Being an Australian, it's rather difficult to sympathise with the plight of rabbits. Following their introduction to our continent in 1859, the European Rabbit population has multiplied at an absolutely phenomenal rate, destroying the natural environment and helping to drive numerous native marsupial species to extinction. They've survived countless attempts to eradicate their numbers, and are now largely resistant to both Myxomatosis and calicivirus. At home, I'm always sure to congratulate my pet dog, Cassie, whenever she trots into the backyard with a rabbit clutched between her teeth. You'll forgive me for launching into a tirade about a troublesome Australian pest, but I'm just trying to convey my general abhorrence towards the species. It would have taken a mighty piece of film-making to make me forget that I hate rabbits, and yet 'Watership Down (1978)' had me utterly engaged from the opening moments. Not only did I care about Hazel, Fiver and Bigwig, but I genuinely fell in love with them, and for 100 minutes I was completely absorbed in their strenuous but noble struggle for survival.
The film is based upon the 1972 novel of the same name by Richard Adams, and was both adapted and directed by Martin Rosen. What struck me most was how incredibly rich the story was, with Adams having created not only a wealth of multi-layered characters, but also an entire rabbit culture and mythology. 'Watership Down' opens with a fascinating Creation story, as the God-like deity Frith (symbolised by the Sun) creates planet Earth and every creature within it. In a double-edged blessing, Frith condemns the mischievous rabbit prince El-ahrairah to forever be hunted, but also to always have the skill and agility to survive: "All the world will be your enemy, Prince of a Thousand Enemies. And when they catch you, they will kill you. But first they must catch you." The events take place in the English countryside, with the title stemming from a hill at Ecchinswell in the county of Hampshire; despite my initial preconceptions, 'Watership Down' was certainly not the story of a sinking ocean liner!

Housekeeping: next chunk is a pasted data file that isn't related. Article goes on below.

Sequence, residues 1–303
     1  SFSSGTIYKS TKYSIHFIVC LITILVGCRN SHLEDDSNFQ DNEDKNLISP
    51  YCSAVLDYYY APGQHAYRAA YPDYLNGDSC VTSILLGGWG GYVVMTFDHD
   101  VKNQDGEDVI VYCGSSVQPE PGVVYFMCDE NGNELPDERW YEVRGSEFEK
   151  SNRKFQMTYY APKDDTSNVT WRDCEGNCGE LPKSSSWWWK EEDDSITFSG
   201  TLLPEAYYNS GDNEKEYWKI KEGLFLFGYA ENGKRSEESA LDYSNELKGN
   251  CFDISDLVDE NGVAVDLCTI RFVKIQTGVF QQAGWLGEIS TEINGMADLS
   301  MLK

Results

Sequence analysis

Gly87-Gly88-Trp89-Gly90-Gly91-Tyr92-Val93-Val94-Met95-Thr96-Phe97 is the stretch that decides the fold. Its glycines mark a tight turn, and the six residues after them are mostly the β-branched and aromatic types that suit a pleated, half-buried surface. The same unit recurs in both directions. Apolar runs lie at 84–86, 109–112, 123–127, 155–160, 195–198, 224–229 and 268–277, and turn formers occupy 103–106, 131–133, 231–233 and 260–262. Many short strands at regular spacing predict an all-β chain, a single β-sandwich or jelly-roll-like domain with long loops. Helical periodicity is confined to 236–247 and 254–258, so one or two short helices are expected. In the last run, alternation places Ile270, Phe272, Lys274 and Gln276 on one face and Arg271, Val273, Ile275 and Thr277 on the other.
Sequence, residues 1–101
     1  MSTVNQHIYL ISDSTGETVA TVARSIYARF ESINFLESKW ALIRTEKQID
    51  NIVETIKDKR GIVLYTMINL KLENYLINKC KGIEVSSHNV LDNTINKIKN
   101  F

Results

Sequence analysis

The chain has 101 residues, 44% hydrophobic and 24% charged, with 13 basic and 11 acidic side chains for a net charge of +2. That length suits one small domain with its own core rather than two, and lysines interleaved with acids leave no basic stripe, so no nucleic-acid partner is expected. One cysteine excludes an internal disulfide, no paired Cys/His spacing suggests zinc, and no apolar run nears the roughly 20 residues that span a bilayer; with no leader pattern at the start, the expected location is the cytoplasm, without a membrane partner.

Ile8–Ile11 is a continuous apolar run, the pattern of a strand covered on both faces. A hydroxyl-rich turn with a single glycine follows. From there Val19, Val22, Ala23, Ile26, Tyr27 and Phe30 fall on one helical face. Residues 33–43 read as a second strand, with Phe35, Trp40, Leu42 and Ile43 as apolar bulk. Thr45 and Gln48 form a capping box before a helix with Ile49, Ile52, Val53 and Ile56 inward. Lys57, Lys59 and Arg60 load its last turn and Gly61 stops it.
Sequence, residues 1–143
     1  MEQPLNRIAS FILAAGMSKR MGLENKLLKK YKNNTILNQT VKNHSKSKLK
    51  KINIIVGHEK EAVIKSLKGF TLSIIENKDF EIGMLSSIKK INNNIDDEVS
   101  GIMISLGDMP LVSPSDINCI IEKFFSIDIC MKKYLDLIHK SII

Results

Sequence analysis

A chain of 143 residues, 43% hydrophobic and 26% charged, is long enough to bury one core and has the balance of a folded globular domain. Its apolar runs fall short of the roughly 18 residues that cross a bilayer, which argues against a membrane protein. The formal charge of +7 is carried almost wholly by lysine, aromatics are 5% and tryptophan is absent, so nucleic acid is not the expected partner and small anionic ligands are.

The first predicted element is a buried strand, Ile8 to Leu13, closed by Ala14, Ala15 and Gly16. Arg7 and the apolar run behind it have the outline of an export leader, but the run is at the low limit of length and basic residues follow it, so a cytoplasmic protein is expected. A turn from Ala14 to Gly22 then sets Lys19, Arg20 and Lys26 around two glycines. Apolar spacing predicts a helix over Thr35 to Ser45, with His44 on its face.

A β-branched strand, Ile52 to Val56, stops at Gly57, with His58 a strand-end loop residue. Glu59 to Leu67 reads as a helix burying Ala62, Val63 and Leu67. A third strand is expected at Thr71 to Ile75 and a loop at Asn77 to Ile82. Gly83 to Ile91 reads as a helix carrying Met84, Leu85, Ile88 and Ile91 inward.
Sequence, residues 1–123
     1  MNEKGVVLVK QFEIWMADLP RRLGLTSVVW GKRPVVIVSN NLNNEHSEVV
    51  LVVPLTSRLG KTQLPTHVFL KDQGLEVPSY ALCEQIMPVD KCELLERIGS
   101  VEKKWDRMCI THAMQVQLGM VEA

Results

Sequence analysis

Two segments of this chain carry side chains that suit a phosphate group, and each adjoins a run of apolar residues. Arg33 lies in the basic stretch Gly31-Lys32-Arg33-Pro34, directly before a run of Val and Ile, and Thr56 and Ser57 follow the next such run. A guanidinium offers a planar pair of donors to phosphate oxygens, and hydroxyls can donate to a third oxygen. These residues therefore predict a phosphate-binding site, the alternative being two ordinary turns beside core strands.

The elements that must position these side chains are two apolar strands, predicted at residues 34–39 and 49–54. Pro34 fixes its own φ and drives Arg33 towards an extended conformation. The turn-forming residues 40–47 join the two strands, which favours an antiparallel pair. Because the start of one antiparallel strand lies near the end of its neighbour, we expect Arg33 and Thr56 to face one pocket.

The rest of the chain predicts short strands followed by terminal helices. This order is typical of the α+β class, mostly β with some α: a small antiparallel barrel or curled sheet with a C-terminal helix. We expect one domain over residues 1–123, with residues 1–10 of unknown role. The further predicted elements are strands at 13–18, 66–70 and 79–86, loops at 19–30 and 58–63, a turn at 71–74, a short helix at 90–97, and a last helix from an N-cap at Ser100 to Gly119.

Hazel the rabbit (voiced by John Hurt) may not be physically-imposing, but he is selfless, intelligent and mature, and this makes him a fine leader. His younger brother, Fiver (Richard Briers), is runtish and neurotic, yet he possesses a sort of mystic flair that means his peculiar "feelings" almost always prove significant. After Fiver foresees danger approaching their warren, a small group of rabbits including the brutish but noble Bigwig (Michael Graham Cox) flee their home in search of a safer locale. Their journey is certainly not a walk in the park, and allow me to be the one millionth reviewer to warn parents that many scenes in this film are not suitable for young children. As the group trudge across the English countryside, they are greeted with an assortment of creatures who would be more than happy to make a dinner out of them, including hawks, dogs, cats and humans. However, the rabbits' greatest obstacle before happiness is the nasty, tyrannical Chief-Rabbit, General Woundwort (Harry Andrews), a bloated, domineering lump of a villain who is both reminiscent of George Orwell's Napolean and, oddly enough, Orson Welles' Police Captain Hank Quinlan.
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